"Ninety percent of the accord on the table has been agreed with Britain", he told France radio.
"We are working to ensure that we have that future relationship in place by the end of December 2020", May said as she arrived at European Union headquarters in Brussels on Thursday for meetings on migration, security and other issues.
Referring to the Irish border question, he said: "From the beginning of the mandate that was given to me, we always said that it was an issue that needed to be resolved".
British Prime Minister Theresa May says the remaining differences on Brexit terms between the United Kingdom and the European Union are "few but considerable" - but she says she is confident the two sides will reach an agreement.
To try to move the talks forward, May had earlier signalled she would consider extending a so-called transition period "for a matter of months" after Britain leaves the European Union in March, a move her critics called a betrayal but one which the bloc welcomed.
The mooted special November summit to sign a withdrawal agreement may not be in the diary, but neither is the threatened "no-deal" November summit.
The Foreign Secretary also called on his party to unite behind the Prime Minister as the negotiations enter the final phase.
"I am open to the idea of an extension or a longer transition period, but that's not an alternative to a legally binding Irish backstop, so it's certainly not an alternative; it's something that might be part of the mix", he said. Her strategy, therefore "seems to be to leave everything until the very last minute... and hope she can cobble together a deal before bouncing parliament into supporting it for fear of something worse".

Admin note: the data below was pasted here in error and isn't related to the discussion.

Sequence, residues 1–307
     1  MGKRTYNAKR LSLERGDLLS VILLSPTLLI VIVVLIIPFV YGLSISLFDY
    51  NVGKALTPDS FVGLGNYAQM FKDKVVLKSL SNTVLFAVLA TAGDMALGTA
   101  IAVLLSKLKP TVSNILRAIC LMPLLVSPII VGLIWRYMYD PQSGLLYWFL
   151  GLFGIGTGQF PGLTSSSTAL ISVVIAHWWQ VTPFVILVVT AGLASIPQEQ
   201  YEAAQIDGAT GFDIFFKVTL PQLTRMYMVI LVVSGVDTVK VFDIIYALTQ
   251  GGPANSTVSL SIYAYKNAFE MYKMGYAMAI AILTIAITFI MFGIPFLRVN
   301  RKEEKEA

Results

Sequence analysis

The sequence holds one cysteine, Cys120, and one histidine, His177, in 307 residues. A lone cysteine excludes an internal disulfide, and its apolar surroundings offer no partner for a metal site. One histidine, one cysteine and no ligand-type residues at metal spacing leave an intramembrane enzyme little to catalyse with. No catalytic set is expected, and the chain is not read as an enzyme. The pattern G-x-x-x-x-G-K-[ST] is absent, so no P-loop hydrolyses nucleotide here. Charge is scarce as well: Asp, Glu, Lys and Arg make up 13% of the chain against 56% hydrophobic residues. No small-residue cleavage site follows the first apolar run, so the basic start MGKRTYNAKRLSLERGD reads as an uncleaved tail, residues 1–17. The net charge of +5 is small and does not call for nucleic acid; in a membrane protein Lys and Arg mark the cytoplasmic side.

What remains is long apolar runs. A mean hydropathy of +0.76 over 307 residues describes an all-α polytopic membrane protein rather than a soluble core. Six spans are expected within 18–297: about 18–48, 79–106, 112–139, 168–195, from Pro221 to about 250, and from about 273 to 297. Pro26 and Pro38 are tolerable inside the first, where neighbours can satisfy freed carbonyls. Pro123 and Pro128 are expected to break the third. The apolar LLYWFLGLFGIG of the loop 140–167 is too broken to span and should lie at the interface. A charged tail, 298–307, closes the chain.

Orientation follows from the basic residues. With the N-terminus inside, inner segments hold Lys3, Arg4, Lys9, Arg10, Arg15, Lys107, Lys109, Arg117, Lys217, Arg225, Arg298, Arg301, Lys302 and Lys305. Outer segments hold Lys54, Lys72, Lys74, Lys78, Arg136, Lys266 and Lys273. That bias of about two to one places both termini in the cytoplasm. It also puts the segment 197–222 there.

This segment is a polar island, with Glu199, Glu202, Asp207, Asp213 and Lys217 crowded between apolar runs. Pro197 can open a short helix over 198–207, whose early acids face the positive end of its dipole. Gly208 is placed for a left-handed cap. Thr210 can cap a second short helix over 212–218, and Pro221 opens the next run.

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But the Democratic Unionist Party (DUP), which props up May's government, says it will withdraw its support if this happens. What's even worse is she is now going to put us in a position that, six years after voting to leave the European Union, we will still be in the EU.
The meeting in Brussels was supposed to be the occasion when the leaders of the European Union 27 member states gave the green light for a special summit in November to finalise the terms of Britain's withdrawal.
British Prime Minister Theresa May also spoke about "working intensively over the next days and weeks" to achieve agreement that avoids a no-deal departure from the bloc on March 29 that could create chaos at the borders and in the economy.
"We are in a negotiation but at the moment it begins to look more like a capitulation than a negotiation".
Simon Collins, the Executive Officer of the Shetland Fishermen's Association, warned the Government it should not let fishermen down again - insisting the key issue between the fishing industry and the UK Government remains to be "trust" in Brexit talks.
Her critics have the numbers to do this but say they have held off so far because they believe she would survive.
The problem centers on a so-called backstop - an insurance policy to ensure there will be no return to a hard border on the island of Ireland, a former focal point for sectarian tensions, if a future trading relationship is not in place in time.
For all her "wittering" at the dispatch box about backstops, she "can get nothing worth having through parliament or the EU".
Both sides agree there must be no hard border, but each has rejected the other side's solution. Under the current proposal, the United Kingdom would effectively be a non-member: it would remain part of the single market and customs union, but would no longer be represented in EU institutions.
EU Brexit negotiator Michel Barnier sought to calm the mood, saying the only remedy was to use the remaining period between now and Christmas.